For Immediate Release, 8 Mar 00
Contact: Chris Marshall
House-Senate Conference Committee Begins
Work On Managed Care Legislation
Amid sharp partisan disagreement, a House-Senate Conference Committee this past week began work to resolve differing versions of managed care Patients' Bill of Rights legislation. Despite the fact that the competing House and Senate bills are far apart on key issues (including scope of coverage and the right to sue health plans), members of the Conference Committee hope to complete their work by the time Congress adjourns for its Easter recess. For his part, President Clinton stepped up pressure on Congress last week and signaled that he is willing to accept a compromise on the key issue of the ability of enrollees to sue their health plans in state court for damages for wrongful denial of treatment. However, the White House is insisting that any compromise include all insured Americans (not just those in ERISA - Employee Retirement Income Security Act - self-insured plans as in the Senate bill). In recent weeks, key GOP leaders have publicly declared their willingness to compromise on a limited right to sue (only in federal court, once all administrative appeals are exhausted).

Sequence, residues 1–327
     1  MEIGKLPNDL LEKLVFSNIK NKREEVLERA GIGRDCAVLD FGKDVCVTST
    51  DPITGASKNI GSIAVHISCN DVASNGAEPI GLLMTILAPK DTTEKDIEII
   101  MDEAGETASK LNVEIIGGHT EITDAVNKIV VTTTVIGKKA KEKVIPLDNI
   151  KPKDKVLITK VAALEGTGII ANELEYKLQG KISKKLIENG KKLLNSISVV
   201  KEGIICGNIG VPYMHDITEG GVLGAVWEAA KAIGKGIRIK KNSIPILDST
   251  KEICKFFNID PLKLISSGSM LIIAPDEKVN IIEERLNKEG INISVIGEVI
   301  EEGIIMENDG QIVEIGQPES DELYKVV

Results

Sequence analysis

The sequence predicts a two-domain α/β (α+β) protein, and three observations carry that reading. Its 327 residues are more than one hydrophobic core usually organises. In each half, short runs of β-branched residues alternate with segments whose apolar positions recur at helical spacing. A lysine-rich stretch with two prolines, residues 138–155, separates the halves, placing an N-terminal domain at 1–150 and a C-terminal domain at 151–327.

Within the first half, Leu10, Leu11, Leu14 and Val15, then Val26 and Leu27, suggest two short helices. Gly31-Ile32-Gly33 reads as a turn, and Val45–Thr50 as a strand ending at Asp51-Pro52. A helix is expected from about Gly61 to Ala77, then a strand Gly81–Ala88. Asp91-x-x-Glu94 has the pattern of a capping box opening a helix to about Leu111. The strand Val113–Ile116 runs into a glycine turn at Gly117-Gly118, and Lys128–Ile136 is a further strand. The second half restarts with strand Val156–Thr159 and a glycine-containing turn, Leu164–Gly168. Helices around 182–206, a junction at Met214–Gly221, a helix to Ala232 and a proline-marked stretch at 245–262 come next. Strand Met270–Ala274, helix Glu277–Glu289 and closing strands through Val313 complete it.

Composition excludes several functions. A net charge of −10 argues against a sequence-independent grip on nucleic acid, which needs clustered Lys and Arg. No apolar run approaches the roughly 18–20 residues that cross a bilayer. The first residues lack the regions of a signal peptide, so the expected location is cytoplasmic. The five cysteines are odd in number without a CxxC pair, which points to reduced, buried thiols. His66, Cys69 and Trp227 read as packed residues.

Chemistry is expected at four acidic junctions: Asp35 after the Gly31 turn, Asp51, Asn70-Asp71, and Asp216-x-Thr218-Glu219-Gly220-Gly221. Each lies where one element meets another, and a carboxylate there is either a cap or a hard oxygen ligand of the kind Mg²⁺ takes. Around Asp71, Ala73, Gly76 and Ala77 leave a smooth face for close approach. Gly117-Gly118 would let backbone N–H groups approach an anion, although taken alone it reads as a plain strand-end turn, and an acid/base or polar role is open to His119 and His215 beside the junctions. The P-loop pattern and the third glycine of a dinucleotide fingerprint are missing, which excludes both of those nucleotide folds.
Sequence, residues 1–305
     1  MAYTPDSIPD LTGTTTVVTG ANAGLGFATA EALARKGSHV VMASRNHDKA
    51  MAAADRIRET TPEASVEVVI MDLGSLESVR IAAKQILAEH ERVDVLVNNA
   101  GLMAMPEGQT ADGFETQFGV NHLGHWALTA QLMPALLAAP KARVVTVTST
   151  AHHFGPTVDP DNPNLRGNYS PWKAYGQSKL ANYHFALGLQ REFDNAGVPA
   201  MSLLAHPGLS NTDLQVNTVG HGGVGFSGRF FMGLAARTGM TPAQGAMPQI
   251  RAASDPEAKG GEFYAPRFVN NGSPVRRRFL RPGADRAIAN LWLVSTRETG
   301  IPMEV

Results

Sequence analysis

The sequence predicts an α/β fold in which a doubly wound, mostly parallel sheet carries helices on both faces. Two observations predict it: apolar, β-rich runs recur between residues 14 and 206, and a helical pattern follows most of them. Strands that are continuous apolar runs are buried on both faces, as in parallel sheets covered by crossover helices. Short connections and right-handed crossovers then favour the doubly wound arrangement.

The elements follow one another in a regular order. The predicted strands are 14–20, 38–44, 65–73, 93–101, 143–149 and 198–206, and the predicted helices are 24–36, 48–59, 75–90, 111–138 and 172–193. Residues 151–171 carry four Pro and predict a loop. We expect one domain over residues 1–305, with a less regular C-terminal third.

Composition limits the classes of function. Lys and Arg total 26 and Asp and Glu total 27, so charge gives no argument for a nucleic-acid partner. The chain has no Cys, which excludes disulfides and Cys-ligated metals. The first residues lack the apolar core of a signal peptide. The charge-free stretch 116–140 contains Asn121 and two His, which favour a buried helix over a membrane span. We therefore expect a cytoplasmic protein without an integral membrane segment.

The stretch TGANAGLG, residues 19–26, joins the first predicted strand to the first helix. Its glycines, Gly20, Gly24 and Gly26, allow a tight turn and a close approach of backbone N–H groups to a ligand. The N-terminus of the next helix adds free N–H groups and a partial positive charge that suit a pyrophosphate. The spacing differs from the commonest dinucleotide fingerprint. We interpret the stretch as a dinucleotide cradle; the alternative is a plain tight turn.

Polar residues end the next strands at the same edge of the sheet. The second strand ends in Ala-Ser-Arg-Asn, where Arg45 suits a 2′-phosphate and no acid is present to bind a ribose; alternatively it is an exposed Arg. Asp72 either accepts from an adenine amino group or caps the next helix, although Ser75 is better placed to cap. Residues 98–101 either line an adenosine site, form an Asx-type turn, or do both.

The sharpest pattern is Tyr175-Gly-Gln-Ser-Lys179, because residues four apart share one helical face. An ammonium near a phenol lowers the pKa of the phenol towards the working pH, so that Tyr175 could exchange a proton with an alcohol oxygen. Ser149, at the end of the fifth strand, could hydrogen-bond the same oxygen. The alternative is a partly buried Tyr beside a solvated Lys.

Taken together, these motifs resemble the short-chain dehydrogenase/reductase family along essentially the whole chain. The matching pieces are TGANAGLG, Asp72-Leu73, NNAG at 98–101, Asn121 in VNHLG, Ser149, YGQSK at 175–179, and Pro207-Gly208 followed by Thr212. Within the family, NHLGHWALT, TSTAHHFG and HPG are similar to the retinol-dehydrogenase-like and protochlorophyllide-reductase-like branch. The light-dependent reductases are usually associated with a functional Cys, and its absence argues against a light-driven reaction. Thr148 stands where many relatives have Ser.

NAMI is supportive of many of the provisions contained in the separate House and Senate managed care Patients' Bill of Rights proposals. In particular, NAMI supports: 1) enactment of mandatory third-party, independent, clinical review with prompt timelines for binding decisions and 2) mandatory access to the most effective medications. Both the House and Senate bills contain versions of these issues and in both instances the House bill contains stronger protections.
NAMI advocates are urged to contact members of the House-Senate Conference Committee and urge them to:
1. Support a requirement for all health plans to offer access to all effective and medically appropriate medications. If a health plan elects to use a formulary, exceptions from the formulary limitation must be allowed when a non-formulary alternative is medically indicated. Health plans should be required to establish procedures whereby members can appeal a decision to prescribe a medication. Medication appeals must comply with the third-party, independent, clinical review established in the legislation. During appeals, enrollees should be allowed to remain on previously prescribed medications. Plans should not require enrolled individuals to switch medications that have been effective for them. NAMI prefers the House provision, Section 102, to the Senate version.